I fell in love this year.  I fell in love with my husband all over again.  I remembered that I have a partner who, through the darkest of days, stands beside me and provides me with unconditional love.  He makes me feel safe and secure even when there is no safety and no security when the wolf is threatening to huff and puff and blow our non-brick house down.  He envelopes me and ensures that I am loved.

I also fell in love with myself this year.  I found a part of me that either had gone missing or I had overlooked for a very long time.  I was able to do that arm-in-arm with some very intimate and special friends who supported me and showed me what I am capable of.  Not many words passed our lips but the power of friendship – really strong and significant friendship – propelled me to discover parts of me that I simply never felt safe enough to explore.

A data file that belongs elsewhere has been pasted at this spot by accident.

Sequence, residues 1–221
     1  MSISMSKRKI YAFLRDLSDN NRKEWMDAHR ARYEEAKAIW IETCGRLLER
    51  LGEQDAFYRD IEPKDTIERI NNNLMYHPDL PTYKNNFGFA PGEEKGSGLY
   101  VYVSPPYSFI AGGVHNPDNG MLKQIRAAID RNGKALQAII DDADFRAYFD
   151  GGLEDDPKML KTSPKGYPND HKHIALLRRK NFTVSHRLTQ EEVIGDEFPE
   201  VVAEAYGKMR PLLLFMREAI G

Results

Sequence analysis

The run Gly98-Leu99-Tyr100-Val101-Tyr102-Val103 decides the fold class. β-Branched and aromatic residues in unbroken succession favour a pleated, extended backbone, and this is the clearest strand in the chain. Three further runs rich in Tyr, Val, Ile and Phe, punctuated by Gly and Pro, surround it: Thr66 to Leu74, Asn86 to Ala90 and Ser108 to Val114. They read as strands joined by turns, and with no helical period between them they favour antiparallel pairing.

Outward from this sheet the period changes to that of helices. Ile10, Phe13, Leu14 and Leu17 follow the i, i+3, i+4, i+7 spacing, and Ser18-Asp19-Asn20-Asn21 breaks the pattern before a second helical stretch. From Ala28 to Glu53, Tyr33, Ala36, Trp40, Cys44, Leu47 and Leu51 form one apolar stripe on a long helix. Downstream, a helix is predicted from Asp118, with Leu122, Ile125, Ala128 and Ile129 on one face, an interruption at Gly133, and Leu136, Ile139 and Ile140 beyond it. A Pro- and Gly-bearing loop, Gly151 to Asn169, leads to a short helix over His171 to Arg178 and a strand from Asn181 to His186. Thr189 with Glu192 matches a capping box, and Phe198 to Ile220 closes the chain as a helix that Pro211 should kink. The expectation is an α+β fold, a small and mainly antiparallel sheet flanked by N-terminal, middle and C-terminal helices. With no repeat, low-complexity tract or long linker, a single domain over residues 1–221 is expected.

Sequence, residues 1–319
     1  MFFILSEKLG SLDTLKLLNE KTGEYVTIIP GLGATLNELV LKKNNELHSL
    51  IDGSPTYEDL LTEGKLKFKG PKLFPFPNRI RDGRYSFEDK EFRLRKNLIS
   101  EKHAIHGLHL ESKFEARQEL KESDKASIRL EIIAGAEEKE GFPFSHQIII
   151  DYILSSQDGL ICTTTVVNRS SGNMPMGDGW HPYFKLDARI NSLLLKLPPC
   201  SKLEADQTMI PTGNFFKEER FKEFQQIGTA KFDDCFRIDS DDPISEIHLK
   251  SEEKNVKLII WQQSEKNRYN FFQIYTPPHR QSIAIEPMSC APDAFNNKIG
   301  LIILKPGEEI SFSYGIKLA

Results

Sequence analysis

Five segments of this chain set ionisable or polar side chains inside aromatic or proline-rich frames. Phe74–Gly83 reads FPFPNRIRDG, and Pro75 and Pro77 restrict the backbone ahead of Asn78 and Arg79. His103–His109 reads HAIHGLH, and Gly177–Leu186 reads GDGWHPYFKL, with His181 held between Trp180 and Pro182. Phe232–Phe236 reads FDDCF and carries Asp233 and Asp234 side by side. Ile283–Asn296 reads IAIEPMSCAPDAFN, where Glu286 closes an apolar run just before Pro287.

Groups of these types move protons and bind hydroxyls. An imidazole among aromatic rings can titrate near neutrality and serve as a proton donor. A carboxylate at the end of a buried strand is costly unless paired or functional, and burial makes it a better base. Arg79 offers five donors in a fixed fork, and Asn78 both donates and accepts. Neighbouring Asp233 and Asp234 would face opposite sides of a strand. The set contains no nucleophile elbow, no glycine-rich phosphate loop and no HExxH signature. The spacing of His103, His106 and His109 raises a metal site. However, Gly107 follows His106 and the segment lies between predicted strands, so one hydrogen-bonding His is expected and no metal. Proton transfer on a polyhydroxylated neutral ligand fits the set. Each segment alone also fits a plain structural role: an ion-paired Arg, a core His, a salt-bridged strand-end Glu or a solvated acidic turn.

I revisited trust this year.  As the year comes to a close, this idea continues to wash through my mind.  A long, long time ago I stopped trusting.  Probably it happened when I was very little and realized that I could not count on anyone to take care of me.  I learned then to be tough and strong to make sure that I could survive.  I didn’t believe anyone would protect me and I learned how to build a shield, a strong armor to protect myself from anyone trying to break down the fort that I had built.  No one was going to penetrate my castle.  I built a deep moat with a small bridge that only a carefully chosen set of individuals could cross.  Rarely did I let anyone even approach the bridge but this year, not only did I let down the bridge more frequently, I actually gave a select few the passcode to lower it themselves.  No picture can describe the power of that.  No image can articulate the vulnerability I opened myself up to.  And nothing can express the joy and relief that comes from moving out from the shadows and showing myself in full technicolor.